|Group:||Group IV ((+)ssRNA)|
Norwalk virus, also known as winter vomiting virus, is a virus named after Norwalk, Ohio, in the United States, where an outbreak of acute viral gastroenteritis occurred among children at Bronson Elementary School in November 1968.
Viruses are classified into family, genus, and species by the International Committee on Taxonomy of Viruses (ICTV), and Norwalk virus is the only species of the genus Norovirus, which belongs to the family Caliciviridae. Formerly, Norwalk virus was included in the genus "Norwalk-like virus" between 1999 and 2002, and the "Norwalk-like virus" was replaced with Norovirus on the 8th Report of the ICTV in response to the approval of the new name of Norovirus at the 12th International Congress of Virology in Paris (2002). Because the genus Norovirus has only one species (Norwalk virus) as well as the fact the genus "Norwalk-like virus" was officially replaced with the genus Norovirus, these often cause confusion on the correct usage of the term Norovirus and that of Norwalk virus. Currently, the term norovirus has been more frequently used in the media and by health authorities.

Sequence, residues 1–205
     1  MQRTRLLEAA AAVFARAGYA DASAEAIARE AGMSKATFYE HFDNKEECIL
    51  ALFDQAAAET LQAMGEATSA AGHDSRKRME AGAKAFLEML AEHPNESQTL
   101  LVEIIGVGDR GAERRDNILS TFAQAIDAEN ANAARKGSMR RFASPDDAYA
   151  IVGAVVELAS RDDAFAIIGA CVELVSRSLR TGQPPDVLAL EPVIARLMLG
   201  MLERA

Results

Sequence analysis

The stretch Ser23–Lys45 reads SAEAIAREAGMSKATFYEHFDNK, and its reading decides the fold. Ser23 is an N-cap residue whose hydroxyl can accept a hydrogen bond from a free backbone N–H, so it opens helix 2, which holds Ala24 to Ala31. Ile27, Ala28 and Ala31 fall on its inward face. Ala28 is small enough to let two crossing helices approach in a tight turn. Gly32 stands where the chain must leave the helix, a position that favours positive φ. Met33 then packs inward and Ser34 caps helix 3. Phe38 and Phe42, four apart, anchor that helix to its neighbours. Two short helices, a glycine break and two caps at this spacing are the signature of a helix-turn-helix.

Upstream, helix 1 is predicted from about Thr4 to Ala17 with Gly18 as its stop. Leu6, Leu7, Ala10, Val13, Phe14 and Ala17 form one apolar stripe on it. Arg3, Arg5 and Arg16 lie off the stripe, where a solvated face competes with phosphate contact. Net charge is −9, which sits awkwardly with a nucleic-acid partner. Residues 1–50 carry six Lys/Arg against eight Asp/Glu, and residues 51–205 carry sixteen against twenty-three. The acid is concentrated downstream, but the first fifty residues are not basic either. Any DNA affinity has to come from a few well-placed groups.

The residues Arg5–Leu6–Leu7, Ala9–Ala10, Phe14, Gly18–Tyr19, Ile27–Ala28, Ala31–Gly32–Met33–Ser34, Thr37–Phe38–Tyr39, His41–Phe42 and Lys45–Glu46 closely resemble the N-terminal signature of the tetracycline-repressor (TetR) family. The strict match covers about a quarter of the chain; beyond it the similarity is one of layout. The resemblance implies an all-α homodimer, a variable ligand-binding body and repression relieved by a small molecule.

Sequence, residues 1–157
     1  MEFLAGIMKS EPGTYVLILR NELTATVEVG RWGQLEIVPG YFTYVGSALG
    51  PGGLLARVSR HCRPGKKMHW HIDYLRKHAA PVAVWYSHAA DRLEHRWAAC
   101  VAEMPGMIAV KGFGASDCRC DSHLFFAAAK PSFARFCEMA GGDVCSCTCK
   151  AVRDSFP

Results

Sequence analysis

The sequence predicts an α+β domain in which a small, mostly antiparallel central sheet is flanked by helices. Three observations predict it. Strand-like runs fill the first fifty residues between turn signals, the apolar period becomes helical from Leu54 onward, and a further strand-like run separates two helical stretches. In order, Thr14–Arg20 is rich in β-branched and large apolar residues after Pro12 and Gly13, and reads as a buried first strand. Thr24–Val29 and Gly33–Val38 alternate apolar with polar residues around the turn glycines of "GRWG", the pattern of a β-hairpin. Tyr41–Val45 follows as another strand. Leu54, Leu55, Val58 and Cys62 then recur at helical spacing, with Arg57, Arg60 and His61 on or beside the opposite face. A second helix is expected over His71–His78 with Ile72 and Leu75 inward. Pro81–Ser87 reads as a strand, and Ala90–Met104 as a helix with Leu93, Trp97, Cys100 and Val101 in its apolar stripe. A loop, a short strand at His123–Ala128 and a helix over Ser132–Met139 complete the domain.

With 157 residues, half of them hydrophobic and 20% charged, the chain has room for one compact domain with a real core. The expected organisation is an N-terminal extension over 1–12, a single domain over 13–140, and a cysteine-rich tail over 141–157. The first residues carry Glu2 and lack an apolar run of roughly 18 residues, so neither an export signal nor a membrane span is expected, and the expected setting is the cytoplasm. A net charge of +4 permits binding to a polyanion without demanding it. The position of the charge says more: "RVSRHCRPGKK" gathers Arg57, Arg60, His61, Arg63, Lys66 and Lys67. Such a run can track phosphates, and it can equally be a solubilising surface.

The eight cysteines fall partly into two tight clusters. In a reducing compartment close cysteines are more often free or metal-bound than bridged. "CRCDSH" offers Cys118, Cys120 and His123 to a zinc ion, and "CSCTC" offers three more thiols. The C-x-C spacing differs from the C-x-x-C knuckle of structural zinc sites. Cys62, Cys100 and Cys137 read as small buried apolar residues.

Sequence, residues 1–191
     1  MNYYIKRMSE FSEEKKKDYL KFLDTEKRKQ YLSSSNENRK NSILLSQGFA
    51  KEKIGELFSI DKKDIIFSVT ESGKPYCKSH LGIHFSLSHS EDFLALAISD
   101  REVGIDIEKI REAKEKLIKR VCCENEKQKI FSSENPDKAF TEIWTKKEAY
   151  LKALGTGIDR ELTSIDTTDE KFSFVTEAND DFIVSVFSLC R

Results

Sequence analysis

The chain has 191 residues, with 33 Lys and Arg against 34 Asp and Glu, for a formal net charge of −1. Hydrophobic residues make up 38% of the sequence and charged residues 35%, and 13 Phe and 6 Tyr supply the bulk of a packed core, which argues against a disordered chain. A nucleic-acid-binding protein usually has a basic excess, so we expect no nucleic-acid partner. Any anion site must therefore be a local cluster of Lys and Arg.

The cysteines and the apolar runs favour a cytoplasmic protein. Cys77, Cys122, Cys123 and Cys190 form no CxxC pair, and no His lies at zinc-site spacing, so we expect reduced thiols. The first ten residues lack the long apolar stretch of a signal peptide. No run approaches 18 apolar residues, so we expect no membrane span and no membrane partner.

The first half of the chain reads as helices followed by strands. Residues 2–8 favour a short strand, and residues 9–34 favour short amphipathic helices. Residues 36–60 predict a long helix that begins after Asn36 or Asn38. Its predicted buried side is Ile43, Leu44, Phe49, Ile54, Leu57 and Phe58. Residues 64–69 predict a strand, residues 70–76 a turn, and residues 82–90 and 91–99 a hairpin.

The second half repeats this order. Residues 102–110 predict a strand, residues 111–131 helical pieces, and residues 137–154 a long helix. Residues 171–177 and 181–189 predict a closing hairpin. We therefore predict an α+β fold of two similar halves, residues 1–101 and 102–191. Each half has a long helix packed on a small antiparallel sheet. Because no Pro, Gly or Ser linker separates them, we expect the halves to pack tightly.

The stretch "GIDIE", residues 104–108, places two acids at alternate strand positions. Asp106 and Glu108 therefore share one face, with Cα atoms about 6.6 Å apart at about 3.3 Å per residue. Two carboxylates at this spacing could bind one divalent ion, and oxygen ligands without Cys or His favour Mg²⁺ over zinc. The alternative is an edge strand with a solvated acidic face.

It is quite difficult to prevent the spread of Norwalk virus.
The ICTV received a request to rename the genus in 2011 because children in Japan and elsewhere who have the family name "Noro" may be teased or bullied by others. The ICTV circulated the concerns to many international virologists, including those who originally proposed the taxonomic name, and the concerns were extensively discussed. A press release and a newsletter were published by the ICTV, which strongly encourage the media, national health authorities and the scientific community to use the virus name "Norwalk virus", rather than the term "norovirus," when referring to outbreaks of the disease. The ICTV regards the usage of the term "norovirus" as incorrect when referring to outbreaks actually due to Norwalk virus because there is no virus species called norovirus.
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